Posted on Sunday 16th February 2014 at 8:16 pm by SH (Editor)

'Parish of Stoke Gifford - Little Stoke' road sign.

Stoke Gifford Parish Council has announced that it is considering passing a resolution to become a town council and would like to hear the views of the local community on the proposal.

It has organised a public open evening, on Tuesday 4th March 2014 at St Michael’s Church Rooms between 7pm and 9pm, which will provide an opportunity for local residents to talk to the parish clerk and councillors on a one-to-one basis about their views.

Stoke Gifford has a population of around 15,500 and is now larger than what most people would consider as a village. It has been the fastest growing parish/town council in South Gloucestershire since the census in 2001, with statistics from South Gloucestershire Council showing over a 30 percent rise in population over this period.

Industry is also significantly developing, with the introduction of a rail maintenance depot, new technical colleges and a potential football stadium, to name but a few.

In a statement issued on Friday (14th February), parish clerk Steve Shields writes:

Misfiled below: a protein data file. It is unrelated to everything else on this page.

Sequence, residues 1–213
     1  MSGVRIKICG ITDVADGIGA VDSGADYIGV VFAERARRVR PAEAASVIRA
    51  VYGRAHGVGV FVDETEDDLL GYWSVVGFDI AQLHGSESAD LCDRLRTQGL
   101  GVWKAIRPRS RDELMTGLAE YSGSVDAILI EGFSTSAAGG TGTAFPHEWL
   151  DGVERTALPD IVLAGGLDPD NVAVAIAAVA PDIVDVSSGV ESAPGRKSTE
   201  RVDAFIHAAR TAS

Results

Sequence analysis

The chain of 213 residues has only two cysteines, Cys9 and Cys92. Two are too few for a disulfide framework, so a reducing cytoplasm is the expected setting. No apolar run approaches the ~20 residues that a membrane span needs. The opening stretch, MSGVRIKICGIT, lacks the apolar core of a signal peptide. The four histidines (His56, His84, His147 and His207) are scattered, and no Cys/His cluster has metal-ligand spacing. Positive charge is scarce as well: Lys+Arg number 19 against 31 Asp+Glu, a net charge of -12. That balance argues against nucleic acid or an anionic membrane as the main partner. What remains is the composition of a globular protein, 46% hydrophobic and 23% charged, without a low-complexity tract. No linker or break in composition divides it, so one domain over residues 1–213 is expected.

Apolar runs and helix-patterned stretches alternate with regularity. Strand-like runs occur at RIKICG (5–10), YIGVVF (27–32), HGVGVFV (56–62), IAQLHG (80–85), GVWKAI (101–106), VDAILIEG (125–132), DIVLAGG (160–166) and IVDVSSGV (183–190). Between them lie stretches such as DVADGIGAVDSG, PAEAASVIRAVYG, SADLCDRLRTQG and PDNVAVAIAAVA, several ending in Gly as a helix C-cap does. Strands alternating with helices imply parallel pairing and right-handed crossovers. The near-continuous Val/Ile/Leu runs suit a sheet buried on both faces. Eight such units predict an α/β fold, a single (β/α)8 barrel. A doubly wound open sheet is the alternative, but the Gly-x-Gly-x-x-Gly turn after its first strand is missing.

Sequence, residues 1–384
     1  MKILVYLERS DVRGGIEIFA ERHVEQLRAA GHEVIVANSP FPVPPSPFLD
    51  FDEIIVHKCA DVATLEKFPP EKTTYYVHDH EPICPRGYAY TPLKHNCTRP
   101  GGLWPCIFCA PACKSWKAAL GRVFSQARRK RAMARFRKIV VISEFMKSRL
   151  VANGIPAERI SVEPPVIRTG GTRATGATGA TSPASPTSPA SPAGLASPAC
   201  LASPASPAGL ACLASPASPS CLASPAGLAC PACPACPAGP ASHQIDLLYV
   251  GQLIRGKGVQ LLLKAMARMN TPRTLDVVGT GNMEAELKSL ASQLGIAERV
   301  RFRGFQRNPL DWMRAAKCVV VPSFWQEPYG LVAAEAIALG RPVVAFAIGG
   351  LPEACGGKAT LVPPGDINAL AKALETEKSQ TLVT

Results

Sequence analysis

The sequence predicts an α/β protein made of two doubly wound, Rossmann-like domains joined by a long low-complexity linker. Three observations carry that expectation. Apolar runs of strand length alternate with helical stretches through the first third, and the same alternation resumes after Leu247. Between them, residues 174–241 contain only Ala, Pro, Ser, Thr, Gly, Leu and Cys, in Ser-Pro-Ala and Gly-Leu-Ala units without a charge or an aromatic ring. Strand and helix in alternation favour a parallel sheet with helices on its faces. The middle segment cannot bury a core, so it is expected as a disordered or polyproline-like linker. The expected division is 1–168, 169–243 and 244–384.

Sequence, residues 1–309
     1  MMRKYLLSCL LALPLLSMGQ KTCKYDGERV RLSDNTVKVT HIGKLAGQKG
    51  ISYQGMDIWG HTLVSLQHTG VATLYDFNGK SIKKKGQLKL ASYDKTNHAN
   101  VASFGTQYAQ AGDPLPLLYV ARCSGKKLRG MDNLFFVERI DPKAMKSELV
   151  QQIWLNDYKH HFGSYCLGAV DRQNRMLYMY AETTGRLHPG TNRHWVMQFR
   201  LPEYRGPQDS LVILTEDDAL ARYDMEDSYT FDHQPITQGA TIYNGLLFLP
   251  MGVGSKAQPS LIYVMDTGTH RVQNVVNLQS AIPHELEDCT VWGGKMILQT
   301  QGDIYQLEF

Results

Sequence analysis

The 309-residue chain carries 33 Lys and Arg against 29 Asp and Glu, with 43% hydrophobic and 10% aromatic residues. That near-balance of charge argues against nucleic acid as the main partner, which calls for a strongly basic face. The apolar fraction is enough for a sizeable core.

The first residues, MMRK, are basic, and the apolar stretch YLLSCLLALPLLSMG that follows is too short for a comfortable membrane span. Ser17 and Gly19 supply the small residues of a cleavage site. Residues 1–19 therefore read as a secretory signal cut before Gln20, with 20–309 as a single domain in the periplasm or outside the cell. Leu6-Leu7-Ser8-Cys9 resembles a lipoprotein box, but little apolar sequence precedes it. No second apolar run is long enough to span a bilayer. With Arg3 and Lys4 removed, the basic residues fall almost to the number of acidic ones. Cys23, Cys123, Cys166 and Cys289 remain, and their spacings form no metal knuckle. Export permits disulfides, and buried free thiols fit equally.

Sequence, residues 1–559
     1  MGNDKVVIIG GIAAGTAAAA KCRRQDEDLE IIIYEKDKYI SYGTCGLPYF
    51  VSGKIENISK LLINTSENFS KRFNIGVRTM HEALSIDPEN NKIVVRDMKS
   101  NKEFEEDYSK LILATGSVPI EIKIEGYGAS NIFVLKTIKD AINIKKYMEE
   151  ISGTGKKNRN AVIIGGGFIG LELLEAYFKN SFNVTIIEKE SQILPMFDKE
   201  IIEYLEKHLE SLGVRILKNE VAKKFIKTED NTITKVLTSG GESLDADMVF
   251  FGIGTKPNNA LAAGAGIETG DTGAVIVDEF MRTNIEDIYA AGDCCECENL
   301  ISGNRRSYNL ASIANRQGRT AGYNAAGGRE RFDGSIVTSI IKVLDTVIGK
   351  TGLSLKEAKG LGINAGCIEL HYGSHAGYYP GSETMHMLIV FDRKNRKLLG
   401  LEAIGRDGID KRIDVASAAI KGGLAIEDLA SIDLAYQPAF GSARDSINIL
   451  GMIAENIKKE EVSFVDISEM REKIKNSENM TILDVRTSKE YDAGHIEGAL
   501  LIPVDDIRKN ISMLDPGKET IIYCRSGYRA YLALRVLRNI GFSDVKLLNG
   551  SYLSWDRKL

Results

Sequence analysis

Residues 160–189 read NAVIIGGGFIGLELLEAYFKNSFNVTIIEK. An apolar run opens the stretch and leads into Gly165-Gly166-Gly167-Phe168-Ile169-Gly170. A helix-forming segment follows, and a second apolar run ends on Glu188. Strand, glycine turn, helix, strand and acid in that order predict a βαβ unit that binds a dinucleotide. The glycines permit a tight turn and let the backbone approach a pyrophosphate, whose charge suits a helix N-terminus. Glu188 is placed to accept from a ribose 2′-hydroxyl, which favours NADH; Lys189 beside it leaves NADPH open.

“Stoke Gifford has a solid identity but would benefit from having a greater presence in the form of a mayor who would represent the council at local events and assist in promoting the work of the council for the benefit of the wider community.”

“Council recognise that there may be a variety of views on this issue. Individuals and local organisations can still choose for themselves as to whether they wish to use the term parish, village or town. Council can resolve to change its status to a town but have agreed to consult with the local community before voting to pass a resolution.”

A further consultation event will be held in Little Stoke at a later date.

Information from the National Association of Local Councils

Q. What’s the difference between a parish council and a town council?